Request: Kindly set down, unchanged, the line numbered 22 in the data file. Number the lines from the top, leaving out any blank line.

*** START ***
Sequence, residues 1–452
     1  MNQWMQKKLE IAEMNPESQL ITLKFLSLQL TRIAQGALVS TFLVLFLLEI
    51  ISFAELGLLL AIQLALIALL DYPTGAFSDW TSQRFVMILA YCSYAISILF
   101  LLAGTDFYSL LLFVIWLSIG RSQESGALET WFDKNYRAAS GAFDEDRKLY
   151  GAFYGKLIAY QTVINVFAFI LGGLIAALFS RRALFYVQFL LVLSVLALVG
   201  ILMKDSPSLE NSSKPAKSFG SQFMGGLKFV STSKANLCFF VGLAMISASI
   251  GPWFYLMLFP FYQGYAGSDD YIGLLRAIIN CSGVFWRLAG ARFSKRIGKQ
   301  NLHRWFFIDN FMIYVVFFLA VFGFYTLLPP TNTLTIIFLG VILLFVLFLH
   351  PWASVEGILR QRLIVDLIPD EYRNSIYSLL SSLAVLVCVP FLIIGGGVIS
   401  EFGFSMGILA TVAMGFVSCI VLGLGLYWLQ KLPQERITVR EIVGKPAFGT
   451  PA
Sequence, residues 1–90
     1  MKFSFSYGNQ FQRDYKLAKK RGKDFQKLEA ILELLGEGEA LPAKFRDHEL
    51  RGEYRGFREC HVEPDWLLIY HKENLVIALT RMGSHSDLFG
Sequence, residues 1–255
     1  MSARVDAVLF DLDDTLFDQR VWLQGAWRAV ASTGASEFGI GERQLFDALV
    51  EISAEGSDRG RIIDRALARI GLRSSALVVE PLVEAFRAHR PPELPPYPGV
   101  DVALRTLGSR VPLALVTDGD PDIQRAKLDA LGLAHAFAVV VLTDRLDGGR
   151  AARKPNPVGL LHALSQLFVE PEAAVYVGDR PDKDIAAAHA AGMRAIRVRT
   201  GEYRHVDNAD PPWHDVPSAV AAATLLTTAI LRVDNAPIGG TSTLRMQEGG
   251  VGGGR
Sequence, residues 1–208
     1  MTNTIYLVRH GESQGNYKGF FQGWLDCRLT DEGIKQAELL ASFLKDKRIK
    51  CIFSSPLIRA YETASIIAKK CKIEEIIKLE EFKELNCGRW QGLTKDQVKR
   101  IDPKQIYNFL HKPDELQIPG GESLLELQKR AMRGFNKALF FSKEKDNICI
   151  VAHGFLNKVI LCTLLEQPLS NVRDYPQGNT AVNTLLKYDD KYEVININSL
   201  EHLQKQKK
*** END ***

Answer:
Sequence, residues 1–208